The trumpet blared. The saxophone wailed. Improvised banter and dance persisted among the cast. And the audience roared with delight this past Thursday and Friday night as the Shakespeare Society rocked the Cabaret with their two-night, four-performance tour de force in the Shakespearean Jazz Show.
Patrick Greeley, a sophomore performing arts major, composed and musically directed the show. The lyrics were taken directly from Shakespeare’s work, with some tweaks for this musical approach.
“There’s something about jazz and Shakespeare that just fits,” said Greeley. “They’re both very emotional; it can be happy or dark.”
A fictional band, The Nine Worthies, which itself is a reference to a group from the Shakespeare comedy Love’s Labour’s Lost, were the stars of the show. The evening boasted a relaxed and spontaneous environment.
The audience clapped and stomped to the beats of the music throughout. The set was decorated to look like an early-20th century New Orleans jazz club, featuring old wooden chairs, benches, and boxy suitcases.
Actors and musicians wore 1920s American-style clothing which included plain dresses for the ladies, and suspenders, vests, and ties for the gentlemen. Singers stayed in character, even when not on stage, performing puppetry via shadow to convey the actions of the songs using an old overhead projector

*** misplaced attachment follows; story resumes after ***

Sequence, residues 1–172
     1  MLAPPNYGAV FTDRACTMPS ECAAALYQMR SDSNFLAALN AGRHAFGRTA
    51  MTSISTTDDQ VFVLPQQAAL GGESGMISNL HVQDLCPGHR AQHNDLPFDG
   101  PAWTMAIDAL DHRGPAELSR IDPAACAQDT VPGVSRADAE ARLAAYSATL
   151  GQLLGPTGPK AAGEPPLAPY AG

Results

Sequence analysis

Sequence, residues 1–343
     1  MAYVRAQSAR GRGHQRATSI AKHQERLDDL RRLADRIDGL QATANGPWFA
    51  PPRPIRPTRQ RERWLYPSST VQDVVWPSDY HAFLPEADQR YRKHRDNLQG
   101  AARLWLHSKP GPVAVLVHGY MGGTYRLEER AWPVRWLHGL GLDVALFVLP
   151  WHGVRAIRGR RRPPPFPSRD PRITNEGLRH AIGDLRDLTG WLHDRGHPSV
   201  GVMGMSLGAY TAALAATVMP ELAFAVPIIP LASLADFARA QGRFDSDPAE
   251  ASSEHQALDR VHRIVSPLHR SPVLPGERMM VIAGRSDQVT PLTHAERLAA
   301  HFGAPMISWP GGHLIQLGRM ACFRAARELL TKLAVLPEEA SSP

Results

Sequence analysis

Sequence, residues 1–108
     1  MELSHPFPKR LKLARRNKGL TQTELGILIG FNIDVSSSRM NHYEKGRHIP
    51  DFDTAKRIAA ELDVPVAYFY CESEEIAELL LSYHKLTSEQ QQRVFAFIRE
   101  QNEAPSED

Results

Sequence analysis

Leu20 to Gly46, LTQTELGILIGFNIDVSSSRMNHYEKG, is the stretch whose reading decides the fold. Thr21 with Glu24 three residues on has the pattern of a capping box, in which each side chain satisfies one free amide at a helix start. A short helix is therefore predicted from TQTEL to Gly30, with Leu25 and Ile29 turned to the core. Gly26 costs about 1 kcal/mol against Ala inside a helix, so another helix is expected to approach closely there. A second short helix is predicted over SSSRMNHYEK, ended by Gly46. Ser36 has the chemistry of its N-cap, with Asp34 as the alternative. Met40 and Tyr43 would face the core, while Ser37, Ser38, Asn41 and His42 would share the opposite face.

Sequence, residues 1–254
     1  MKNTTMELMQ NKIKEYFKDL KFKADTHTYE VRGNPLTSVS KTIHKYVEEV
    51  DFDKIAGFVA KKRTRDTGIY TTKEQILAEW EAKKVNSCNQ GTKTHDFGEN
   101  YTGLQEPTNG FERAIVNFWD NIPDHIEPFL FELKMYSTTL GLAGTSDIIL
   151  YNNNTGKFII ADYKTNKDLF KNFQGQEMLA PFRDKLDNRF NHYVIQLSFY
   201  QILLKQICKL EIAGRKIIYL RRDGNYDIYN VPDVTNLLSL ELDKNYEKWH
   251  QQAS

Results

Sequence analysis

“I was born and raised in New Orleans,” said Shakespearean Jazz Show director Alex Ates, who also serves as vice president of the Shakespeare Society. “And artists in New Orleans would be truly free and connected to their music, so my job with this show was to find that authentic theatricality.”
Notable moments from the one hour show included “Wit Peddler,” featuring a hair-raising trumpet solo from junior performing arts major Max Sangerman and the hauntingly beautiful and romantic “Lovely Boy” sung by senior Emily Skeggs, a performing arts major who produced the show.
Greeley started composing the show this summer and said his copy of The Complete Works of Shakespeare is covered in hundreds of notes. In total, he composed 10 pieces for the show.
“Shakespeare has a stigma of being very strict and rigid whereas jazz is loose and free,” said Ates, “so there was a curiosity of what would happen if we melded the two together.”
The show concluded with an all-out jamboree of “Wind and the Rain.” The audience was allowed to flood the stage and dance as the band jammed out on the epic showstopper. After each of the four shows, the audience demanded an encore and got one in the crowd-pleaser “Mariana.”
Tierra Bonser, a senior performing arts major, was in the audience Thursday night, and said she thoroughly enjoyed the show.
“I was bedazzled,” said Bonser. “I enjoyed the atmosphere and the interaction — which sometimes gets skipped over, but that certainly wasn’t the case with this show.”
Ates said the goal of the show was “to present Shakespeare in a lively, innovative way ... To take soulful music and combine it with the most soulful word of all time.”
Steve Miller, managing editor of the Beacon and performer in the jazz show, did not edit this article.